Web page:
A SARI inspection in much more in-depth inspection than a Level 2 inspection that you carry out weekly in your warehouse. It will address any necessary repairs, replacements, and damaged components according to the Storage Equipment Manufacturers Association (SEMA) Code of Practice relating to racking damage.
REMEMBER: Inspections are NOT a confirmation of structural integrity or guarantee of the capabilities of the racking.
SEMA classifies damage into three categories:
RED RISK: This is for items that are severely damaged well beyond the recommendations and SEMA code. If a red risk is given racking should be immediately off-loaded and isolated from future use until a satisfactory repair or replacement is put in its place.
AMBER RISK: This is when items are damaged beyond the limitations of the SEMA code, but not harmful enough to warrant immediate off-load. Instead, the rack should be off-loaded as soon as possible (up to 4 weeks), and should not be re-used until the repair work is completed.
GREEN RISK: This is for items that are damaged but are within the limitations of the SEMA code. These items need to be recorded as being suitable for use but must be identified for future reference and careful monitoring.
What are the racking inspection laws and legal requirements?
If you follow the racking inspection guideline your racking should conform with the major UK Health and Safety acts. This applies to shelve systems, cantilever racking, mezzanine floors, longspan shelving, and other storage equipment.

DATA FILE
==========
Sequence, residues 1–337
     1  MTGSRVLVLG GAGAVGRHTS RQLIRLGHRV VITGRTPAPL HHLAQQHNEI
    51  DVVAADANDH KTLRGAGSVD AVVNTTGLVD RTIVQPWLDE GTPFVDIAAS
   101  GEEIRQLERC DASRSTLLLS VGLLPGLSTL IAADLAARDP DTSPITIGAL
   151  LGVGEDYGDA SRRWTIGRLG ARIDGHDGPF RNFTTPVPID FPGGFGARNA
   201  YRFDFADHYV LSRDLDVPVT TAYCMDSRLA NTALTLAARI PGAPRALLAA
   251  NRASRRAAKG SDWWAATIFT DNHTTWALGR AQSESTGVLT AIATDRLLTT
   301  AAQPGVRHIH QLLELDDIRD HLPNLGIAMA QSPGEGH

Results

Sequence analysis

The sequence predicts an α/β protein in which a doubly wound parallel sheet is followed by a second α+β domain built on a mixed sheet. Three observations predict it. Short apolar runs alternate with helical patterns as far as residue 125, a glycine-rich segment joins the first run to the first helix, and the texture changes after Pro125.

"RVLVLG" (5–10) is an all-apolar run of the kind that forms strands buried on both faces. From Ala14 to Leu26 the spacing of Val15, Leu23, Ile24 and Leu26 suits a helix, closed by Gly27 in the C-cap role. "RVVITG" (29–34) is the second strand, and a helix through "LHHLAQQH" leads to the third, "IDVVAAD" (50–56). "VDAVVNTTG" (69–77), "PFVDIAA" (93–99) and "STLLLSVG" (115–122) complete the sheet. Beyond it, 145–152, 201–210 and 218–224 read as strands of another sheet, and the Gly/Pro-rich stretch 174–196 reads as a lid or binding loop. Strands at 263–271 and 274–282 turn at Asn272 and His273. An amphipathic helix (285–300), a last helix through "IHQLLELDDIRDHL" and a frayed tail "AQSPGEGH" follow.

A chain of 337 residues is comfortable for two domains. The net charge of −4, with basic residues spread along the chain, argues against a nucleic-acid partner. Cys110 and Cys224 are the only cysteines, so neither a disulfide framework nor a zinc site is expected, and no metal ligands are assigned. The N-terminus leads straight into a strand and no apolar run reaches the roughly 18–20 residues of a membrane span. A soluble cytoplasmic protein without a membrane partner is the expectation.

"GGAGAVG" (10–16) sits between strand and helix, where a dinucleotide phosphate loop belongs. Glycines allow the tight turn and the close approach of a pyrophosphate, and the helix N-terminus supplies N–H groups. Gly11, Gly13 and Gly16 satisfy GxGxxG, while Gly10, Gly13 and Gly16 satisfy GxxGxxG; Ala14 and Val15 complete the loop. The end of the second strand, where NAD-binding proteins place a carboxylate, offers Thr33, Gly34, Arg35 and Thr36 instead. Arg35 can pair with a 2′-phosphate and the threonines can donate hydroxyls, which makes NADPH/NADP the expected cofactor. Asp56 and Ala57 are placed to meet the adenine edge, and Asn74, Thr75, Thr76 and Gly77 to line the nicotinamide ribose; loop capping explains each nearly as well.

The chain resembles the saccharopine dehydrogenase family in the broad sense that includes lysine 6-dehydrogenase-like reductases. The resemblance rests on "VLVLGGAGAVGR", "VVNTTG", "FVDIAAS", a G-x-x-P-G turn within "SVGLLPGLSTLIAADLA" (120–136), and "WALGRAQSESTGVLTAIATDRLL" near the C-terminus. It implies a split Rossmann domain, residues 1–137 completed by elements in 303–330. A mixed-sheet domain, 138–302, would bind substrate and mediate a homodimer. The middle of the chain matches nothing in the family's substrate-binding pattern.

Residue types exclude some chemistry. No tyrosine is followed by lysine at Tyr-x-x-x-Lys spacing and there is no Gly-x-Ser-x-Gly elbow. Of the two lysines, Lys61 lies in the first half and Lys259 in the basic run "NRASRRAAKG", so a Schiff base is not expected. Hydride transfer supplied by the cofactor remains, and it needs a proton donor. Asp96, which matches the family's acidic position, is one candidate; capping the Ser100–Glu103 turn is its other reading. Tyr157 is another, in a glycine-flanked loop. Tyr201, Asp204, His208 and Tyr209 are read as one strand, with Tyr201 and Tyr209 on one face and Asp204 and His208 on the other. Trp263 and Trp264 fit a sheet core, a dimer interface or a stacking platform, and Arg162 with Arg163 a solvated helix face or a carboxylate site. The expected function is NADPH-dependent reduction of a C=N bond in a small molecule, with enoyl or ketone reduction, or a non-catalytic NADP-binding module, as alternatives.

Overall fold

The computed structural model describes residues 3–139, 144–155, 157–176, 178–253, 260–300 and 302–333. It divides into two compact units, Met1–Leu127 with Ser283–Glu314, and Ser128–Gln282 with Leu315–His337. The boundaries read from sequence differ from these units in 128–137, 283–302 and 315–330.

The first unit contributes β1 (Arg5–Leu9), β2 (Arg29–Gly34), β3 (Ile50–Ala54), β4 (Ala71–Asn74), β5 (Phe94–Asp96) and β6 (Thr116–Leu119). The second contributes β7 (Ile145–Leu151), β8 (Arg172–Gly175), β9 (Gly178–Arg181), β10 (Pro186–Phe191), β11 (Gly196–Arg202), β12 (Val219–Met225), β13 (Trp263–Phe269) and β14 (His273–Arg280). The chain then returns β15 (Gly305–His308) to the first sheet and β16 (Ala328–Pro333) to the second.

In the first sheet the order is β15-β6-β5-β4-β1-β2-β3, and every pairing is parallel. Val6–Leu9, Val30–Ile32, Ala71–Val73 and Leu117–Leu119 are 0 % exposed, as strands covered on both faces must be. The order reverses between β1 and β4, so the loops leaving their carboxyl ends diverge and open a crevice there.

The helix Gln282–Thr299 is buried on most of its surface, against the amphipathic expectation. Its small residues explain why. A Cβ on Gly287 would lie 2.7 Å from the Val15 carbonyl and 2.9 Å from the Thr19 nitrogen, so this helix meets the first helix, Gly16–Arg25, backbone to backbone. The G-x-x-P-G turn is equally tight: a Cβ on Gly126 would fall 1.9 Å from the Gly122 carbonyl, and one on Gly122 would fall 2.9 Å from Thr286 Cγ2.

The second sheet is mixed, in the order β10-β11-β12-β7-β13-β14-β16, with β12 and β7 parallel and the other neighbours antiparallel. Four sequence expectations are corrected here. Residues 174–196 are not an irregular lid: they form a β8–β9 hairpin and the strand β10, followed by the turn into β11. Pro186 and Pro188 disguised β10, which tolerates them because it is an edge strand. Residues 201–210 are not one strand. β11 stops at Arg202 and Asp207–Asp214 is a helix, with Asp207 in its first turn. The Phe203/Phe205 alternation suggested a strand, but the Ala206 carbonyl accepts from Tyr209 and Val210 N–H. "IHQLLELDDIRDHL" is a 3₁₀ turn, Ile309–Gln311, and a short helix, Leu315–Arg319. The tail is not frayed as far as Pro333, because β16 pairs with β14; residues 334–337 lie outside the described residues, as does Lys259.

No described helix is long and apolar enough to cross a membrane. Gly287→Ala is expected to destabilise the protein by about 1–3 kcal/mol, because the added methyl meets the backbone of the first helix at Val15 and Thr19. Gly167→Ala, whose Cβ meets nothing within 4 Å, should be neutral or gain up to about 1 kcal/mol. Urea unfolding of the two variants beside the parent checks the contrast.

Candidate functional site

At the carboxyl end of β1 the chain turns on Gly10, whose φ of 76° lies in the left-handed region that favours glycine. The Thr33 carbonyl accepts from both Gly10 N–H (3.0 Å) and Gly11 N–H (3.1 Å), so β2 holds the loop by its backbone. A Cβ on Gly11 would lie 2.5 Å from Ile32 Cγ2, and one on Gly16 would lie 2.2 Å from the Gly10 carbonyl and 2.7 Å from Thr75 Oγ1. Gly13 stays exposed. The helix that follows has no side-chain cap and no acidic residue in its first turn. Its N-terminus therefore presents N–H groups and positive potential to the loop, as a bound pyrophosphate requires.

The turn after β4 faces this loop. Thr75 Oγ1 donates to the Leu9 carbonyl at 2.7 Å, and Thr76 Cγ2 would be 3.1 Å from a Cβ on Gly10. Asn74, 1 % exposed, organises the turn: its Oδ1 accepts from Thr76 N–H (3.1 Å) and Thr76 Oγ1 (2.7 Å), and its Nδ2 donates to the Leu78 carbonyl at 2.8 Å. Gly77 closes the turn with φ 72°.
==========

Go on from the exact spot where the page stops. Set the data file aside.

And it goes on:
As an employer or person responsible for warehouse safety, you can be liable for prosecution under these acts:
- Provision & Use of Work Equipment Regulations (PUWER) 1998.
- Health & Safety at Work Act 1974.
- Management of Health & Safety at Work Regulations 1999.
- EN15635 Steel Static Storage Systems – Application and Maintenance of Storage Equipment.
Do I need a racking inspection?
Whether you’ve got 10 pallet positions or 10,000 you will need the same inspections from SEMA. HSE does not distinguish between the two. So regardless of size, height, or space, you need your storage systems inspection at least annually by a competent person.
Don’t forget it’s vital to carry out your own Level 2 inspections too!
Should I inform SEMA of racking changes in my warehouse?
No, as long as your racking is safely and securely assembled according to SEMA guidelines. If you’re keeping up to date with regular safety racking checks then you should be safe.